#2 – Severus Snape

As soon as I started reading the books, I immediately imagined Alan Rickman in this role. Apparently, J.K. Rowling had him on her wish-list for actors in the movies, and she supposedly gave him one little tidbit of information to help inform his performance throughout the series. Little did the reader know that Snape would turn out to be the most complex, tragic, heroic character in the entire series! There were so many times, especially in the early books, that the reader was led to believe that Snape was out to get Harry. He was a former Death Eater, for Pete’s sake! In Sorcerer’s Stone, Hermione stopped Snape from putting a spell on Harry during a Quidditch game, but Snape was actually trying to protect Harry from Professor Quirrell’s spell! There are several other times throughout the series where Snape protects Harry despite his obvious disdain for doing so. Hating every moment of it, Snape teaches Harry—or tries to teach him—Occlumency to close Voldemort out of his mind. But in Deathly Hallows, when we finally learn everything Snape has had to endure and the reason he did, he instantly becomes the most sympathetic and tragic character. In short, he loved Harry’s mother, and he wept with her in his arms after Voldemort killed her. Dumbledore used this to get Snape to switch sides, but play double agent. Imagine the pain Snape had to endure seeing Harry, who had his mother’s eyes? The constant reminder of a love he lost? Not only did he protect Harry, but he protected Draco Malfoy from fully losing himself to Voldemort by killing Dumbldore—something Dumbledore knew was going to happen and allowed it! Hey, you were warned about spoilers. Go read the books if you haven’t! I could write pages and pages about Snape, because he’s an amazing character not just in the Harry Potter series, but in all of literature.


Before I get to MY FAVORITE HARRY POTTER CHARACTER, here are seven (number of books, years at Hogwarts, and horcruxes) Honorable Mentions:

Sybill Trelawney – Does she have reliable divination abilities? Or is she simply scatterbrained? She works both ways, and that’s why I like her.

Fred & George Weasley – The twin pranksters, who leave Hogwarts with a bang and awesomely torment Umbridge in the process. But sadly, RIP Fred, in the Battle of Hogwarts.

Rubeus Hagrid – Sensitive and loyal, you gotta love the big lug. Even if he is friends with a huge spider.

Susan Bones – Okay, this one is a shout-out to my daughters. Who is Susan Bones, you ask? She’s one of the first of Harry’s classmates sorted in Sorcerer’s Stone (into Hufflepuff). One of my daughters had that Harry Potter electronic 20 Questions game that tries to figure out what you’re thinking. I don’t remember who she was thinking, but after ten questions, it proclaimed Susan Bones was the answer. Why on Earth would (a) someone think of Susan Bones, and (b) the game jump to her as a first guess? Ever since then, she’s been our in-joke favorite character.

Molly Weasley – “Not my daughter, you bitch!” ‘Nuff said.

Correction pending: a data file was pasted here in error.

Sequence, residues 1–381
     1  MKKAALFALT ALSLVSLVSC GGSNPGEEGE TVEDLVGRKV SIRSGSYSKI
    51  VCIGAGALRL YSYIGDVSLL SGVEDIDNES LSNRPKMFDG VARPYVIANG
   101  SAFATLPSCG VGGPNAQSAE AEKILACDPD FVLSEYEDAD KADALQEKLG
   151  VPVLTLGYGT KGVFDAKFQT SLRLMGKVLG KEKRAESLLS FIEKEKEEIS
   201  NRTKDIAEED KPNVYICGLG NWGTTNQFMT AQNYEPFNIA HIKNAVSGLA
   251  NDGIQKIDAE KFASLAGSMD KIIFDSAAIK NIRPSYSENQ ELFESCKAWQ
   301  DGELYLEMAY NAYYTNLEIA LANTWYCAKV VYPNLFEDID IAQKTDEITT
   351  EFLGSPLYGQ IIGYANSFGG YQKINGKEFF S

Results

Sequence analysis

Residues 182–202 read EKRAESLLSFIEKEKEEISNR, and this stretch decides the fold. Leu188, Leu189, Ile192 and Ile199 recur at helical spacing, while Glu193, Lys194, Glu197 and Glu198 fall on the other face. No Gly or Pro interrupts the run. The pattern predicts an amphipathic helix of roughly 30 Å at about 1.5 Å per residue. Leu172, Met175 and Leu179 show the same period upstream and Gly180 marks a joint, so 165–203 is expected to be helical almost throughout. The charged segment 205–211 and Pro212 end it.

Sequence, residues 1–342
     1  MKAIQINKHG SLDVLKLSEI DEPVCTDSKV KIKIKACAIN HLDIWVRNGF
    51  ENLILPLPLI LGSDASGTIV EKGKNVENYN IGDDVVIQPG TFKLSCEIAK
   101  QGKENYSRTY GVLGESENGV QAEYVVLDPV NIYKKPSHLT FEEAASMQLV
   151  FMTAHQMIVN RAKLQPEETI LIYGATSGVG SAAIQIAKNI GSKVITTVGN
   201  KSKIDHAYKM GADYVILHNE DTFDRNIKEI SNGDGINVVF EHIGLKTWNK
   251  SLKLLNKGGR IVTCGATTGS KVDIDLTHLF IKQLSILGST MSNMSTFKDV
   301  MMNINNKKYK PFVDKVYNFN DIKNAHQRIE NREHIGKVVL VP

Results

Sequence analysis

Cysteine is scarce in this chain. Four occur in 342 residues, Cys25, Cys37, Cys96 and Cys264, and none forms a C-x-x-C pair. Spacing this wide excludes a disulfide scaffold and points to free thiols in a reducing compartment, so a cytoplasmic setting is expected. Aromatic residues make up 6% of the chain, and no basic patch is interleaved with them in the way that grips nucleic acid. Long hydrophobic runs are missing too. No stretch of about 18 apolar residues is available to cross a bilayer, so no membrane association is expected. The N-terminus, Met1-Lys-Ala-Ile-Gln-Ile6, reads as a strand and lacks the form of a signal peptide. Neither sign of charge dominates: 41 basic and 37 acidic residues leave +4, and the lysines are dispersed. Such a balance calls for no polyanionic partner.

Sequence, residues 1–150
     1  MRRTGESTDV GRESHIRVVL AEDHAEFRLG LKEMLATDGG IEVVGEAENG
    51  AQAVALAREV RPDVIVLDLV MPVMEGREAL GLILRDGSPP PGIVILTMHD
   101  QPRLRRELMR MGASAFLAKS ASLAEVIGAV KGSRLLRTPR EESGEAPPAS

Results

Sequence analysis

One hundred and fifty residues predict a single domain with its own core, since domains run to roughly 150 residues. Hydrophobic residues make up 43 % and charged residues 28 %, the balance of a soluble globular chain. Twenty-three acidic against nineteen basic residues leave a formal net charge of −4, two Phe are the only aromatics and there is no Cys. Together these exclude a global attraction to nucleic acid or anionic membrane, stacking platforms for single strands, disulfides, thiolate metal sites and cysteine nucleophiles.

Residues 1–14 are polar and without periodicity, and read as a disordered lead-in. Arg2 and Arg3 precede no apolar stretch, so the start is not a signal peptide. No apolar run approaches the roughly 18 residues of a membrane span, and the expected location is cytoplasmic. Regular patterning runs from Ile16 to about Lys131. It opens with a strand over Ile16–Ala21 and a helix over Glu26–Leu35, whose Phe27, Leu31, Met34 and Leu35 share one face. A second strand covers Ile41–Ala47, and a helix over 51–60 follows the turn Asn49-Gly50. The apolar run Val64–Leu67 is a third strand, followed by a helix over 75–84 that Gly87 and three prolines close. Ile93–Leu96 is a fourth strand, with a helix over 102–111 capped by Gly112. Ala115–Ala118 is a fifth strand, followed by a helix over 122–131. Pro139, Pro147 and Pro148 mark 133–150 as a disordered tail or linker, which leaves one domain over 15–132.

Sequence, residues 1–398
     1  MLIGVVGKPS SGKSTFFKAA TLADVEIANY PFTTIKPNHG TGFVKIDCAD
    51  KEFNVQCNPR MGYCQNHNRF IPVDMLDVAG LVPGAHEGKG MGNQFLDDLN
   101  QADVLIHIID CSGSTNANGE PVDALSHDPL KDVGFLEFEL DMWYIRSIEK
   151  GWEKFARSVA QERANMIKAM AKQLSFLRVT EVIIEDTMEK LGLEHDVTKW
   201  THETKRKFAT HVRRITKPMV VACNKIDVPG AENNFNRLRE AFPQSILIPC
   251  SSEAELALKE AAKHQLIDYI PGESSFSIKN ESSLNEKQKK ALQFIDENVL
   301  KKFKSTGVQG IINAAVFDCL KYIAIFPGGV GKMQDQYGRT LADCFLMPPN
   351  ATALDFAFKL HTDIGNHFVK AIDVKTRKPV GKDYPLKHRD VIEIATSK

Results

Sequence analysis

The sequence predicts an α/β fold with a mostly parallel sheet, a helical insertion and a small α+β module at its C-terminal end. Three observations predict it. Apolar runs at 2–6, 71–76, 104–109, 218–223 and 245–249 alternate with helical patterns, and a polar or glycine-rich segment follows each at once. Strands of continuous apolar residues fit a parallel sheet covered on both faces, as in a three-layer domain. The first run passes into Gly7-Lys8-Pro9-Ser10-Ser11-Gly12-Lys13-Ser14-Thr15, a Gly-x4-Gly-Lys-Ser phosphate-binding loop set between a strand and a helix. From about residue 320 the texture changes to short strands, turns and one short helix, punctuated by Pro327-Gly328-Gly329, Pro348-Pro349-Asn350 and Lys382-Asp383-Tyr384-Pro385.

Nymphadora Tonks – Such a good-hearted, wild-haired, playful, free-spirited, loyal member of the Order. But it shocked me a bit when she coupled up with my favorite Harry Potter character…



Yes, Snape is the most complex, heroic, sympathetic, tragic character in the Harry Potter series. I’ll even concede that he’s the BEST conceived and executed character in the entire Potterverse, even above Harry, Hermione, and Ron. But this isn’t a list about who’s the best; it’s a list about who’s my favorite, and that title goes to Professor Lupin. First off, he was the first legitimate Defense against the Dark Arts teacher in the series, having followed a Voldemort vessel and a vain fraud. Also, he was the first teacher to act like a true friend and ally of Harry, rather than just a teacher or mentor. He even encourages some of Harry’s mischief in the book, especially when he recognizes the Marauder’s Map of Moony, Wormtail, Padfoot, and Prongs. He’s the Moony of that group, named such because he’s a werewolf—something I’m ashamed to say I didn’t pick up on with the word lupine being an adjective meaning wolf-like. Oh, and in Roman legend, Remus, one of the founders of Rome, was raised by wolves. Even though he was a werewolf, he openly showed everyone his fear during the Boggart lesson, thus making him very human. He played a significant role in the series after that, and I was sad learning he died in the Battle of Hogwarts, but at least he was beside Tonks when it happened. When I first saw pictures of David Thewlis cast as Professor Lupin in Prisoner of Azkaban, it didn’t work for me. Here’s my favorite character in that book—and in the Potter universe—and for the first time in the movie series, the actor didn’t match my mental image of the character from when I read the book. Then I saw his performance in the movie, and I was completely won over. He so perfectly captures the essence of the character: kind, wise, loyal, but worn down from time spent as a werewolf. The choice to perform him as more world-weary was an unexpected delight to me, and he will remain my favorite.


Agree? Disagree? Get a hat, and sort it out!


  1. Interesting list! I agree with most of your choices, but not necessarily the order. I was happy to see the Dobby made the list though. And I was surprised to see the Myrtle didn’t get an honorable mention, but with SO MANY incredibly memorable characters to sort down to ten + seven, how do you even start?? Well done. (#Snapeisnumberone)